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Paper: Teaching 21st Century Science and Media Literacy
Volume: 531, ASP2020: Embracing the Future: Astronomy Teaching and Public Engagement
Page: 191
Authors: Duncan, D.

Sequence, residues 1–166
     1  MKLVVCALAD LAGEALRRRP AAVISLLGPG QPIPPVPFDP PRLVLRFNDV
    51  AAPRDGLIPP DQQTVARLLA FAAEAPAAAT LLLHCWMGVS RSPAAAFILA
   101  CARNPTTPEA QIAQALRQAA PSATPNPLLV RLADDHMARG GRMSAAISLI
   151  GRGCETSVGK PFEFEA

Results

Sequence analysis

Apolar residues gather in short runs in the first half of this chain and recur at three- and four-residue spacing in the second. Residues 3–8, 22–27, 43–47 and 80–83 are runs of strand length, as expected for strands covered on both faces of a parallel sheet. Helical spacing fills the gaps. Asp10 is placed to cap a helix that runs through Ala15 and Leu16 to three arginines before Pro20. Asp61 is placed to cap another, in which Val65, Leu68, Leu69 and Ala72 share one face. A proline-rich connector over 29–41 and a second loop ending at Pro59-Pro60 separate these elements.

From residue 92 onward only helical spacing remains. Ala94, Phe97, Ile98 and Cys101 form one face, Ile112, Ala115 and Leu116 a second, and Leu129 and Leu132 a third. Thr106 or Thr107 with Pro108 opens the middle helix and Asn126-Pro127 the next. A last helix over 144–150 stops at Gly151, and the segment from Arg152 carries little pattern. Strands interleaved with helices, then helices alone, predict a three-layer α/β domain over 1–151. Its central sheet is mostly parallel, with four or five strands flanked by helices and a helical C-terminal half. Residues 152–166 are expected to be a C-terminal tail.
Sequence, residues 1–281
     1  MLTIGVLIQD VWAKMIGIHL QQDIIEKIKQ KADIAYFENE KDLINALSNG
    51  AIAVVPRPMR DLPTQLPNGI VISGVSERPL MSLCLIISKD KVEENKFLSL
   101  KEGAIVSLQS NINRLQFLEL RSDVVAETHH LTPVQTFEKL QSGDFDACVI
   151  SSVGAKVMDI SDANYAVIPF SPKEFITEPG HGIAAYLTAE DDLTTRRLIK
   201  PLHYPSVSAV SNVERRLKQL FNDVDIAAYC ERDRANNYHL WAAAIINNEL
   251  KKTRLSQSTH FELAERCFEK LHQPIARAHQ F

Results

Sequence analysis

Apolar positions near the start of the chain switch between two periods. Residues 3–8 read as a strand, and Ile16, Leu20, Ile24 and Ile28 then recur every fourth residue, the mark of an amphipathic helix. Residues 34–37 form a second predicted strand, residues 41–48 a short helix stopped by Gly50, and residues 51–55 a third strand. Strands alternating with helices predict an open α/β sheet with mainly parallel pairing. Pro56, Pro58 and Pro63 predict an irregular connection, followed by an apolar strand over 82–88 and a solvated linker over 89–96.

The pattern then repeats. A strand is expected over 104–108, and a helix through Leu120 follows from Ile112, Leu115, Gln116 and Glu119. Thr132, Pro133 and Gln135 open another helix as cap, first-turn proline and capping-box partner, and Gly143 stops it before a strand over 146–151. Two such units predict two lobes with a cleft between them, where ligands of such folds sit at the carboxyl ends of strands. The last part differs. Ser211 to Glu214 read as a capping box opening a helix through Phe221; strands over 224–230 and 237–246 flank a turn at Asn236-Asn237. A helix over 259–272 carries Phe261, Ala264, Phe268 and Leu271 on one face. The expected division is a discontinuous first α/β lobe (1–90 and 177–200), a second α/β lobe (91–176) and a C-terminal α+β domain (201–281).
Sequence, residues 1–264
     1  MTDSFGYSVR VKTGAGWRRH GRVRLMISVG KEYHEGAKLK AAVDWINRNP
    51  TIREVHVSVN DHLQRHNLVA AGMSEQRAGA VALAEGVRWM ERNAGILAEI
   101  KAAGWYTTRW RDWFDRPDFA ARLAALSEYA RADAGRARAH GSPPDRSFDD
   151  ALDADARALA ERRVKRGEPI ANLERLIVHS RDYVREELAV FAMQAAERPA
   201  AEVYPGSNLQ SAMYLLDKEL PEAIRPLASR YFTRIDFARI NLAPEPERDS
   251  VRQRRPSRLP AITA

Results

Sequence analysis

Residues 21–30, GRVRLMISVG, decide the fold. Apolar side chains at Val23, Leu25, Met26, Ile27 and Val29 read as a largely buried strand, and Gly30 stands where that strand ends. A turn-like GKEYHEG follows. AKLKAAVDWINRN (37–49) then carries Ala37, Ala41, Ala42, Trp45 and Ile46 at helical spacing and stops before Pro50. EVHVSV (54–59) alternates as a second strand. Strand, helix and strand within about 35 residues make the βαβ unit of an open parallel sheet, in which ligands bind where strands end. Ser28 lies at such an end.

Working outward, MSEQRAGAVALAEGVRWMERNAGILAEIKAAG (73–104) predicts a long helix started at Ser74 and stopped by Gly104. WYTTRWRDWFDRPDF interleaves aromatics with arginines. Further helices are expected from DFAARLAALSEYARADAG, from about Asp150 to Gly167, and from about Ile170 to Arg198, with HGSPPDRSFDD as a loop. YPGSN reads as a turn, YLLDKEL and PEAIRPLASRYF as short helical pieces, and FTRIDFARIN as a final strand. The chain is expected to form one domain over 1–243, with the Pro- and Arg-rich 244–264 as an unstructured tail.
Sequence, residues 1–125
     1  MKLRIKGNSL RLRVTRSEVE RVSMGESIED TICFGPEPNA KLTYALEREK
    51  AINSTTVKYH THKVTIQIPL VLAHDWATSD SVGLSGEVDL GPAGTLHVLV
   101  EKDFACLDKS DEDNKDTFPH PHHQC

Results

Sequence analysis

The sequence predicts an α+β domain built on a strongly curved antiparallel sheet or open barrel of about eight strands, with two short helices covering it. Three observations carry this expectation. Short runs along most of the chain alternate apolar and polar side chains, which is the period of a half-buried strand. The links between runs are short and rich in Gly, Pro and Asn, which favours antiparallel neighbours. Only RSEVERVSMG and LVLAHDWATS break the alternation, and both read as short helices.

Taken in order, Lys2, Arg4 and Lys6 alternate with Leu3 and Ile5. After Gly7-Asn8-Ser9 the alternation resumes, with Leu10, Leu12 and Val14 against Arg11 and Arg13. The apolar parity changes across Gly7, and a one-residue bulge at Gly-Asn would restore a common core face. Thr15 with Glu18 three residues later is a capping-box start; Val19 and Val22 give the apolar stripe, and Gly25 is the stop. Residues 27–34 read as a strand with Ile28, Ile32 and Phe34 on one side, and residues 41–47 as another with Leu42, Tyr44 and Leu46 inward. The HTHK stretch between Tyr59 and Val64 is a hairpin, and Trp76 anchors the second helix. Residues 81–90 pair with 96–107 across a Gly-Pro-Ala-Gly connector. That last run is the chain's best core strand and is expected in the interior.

Abstract: What are your goals for teaching non-science majors? What are your college's science requirement goals? For many of us an important goal is that students learn critical thinking and understand science well enough to use it when making choices in their own lives. Alas, just teaching about Galileo or the scientific method isn't enough for students to reach those goals. They need practice! For 20 years, I've added "Real vs. Fake Science" assignments to my intro astronomy class. We contrast fake or pseudoscience with authentic. Students are assigned web sites or YouTube videos and must decide what is real and what is fake. As they practice and talk with each other, they improve their ability to detect falsehood, often dramatically. I'll demonstrate many of the most successful activities and you are welcome to use any of them; they are posted at Hundreds of students have told me this is the most valuable thing they've learned in a science course. Some, however, complain that this isn't in the astronomy book; it's in their regular life! Today there is an extraordinary need to teach students how to tell real vs. fake in general, not just in science, especially on their social media feeds. Real vs. fake science is an excellent start. I have broadened the curriculum to go beyond science, and am teaching that as a full freshmen seminar. Many of those materials are also on my website and will be briefly discussed.
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